Also posted in Clean Energy, Electricity Pricing, Grid Modernization, Solar Energy, Time of Use, Utility Business Models| Comments are closed

Four reasons to be optimistic this Earth Day

I’m going to stay positive this Earth Day. I know that’s not what you might expect from me this year, but really, when it comes to America’s shift to cleaner, smarter, advanced energy, there’s reason to be optimistic.

  1. Business is booming…

The advanced energy industry is booming. This includes everything from solar and wind power, to new energy innovations that are smarter and reduce our reliance on fossil fuels, like energy storage, electric vehicles, energy efficiency, and demand response.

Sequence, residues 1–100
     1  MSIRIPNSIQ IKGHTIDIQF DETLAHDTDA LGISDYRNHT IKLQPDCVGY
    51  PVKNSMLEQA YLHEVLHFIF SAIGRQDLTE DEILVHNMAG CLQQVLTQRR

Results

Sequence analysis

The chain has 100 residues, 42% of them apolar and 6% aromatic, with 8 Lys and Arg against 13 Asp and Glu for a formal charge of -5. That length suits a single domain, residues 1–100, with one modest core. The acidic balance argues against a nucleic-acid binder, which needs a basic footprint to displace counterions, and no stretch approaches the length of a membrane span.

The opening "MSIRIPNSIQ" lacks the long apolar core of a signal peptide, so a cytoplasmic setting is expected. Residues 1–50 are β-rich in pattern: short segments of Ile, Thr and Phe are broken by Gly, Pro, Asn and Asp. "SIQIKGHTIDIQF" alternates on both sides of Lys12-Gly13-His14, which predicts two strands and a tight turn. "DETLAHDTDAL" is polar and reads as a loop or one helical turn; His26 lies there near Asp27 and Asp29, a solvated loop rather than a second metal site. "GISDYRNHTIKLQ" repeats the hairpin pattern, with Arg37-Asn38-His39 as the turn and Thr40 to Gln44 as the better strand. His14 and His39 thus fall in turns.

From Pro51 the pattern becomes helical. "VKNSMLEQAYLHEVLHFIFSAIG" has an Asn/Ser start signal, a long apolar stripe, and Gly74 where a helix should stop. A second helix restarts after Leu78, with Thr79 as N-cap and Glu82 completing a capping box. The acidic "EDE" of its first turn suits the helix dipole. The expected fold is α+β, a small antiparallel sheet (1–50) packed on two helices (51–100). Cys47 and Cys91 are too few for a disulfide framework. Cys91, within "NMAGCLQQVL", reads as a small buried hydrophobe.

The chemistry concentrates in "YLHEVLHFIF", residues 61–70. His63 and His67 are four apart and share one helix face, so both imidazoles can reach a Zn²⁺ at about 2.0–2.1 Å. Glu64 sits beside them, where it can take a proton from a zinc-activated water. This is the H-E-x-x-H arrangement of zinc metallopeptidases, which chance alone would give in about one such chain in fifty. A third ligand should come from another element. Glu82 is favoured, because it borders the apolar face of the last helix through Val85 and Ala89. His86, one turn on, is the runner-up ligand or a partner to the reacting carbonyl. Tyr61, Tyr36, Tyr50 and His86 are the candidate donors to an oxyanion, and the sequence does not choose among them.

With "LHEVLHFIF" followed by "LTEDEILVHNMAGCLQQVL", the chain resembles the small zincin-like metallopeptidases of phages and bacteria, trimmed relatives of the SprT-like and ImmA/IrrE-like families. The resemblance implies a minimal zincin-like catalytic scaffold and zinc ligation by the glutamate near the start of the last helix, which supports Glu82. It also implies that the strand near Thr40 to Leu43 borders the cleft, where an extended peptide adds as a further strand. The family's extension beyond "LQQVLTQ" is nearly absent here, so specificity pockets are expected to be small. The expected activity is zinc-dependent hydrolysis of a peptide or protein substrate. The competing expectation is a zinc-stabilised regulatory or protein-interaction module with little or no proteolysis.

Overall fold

The industry grew 29 percent in the last five years, and last year was worth $200 billion – about the same size as the pharmaceutical industry. Tesla – a sort of poster child for the advanced energy industry – just passed Ford Motor Company and General Motors in market cap. In fact, the company dropped “motors” from its name last year, a simple recognition that it’s far more than a car company. Read More »

Also posted in Clean Energy, Demand Response, Illinois, Ohio, Solar Energy, Time of Use, Wind Energy| Comments are closed

How One Clean Energy Solution Can Help Fix Both Price Shocks and Energy Waste

Andrew Bilich, Clean Energy Analyst, contributed to this post.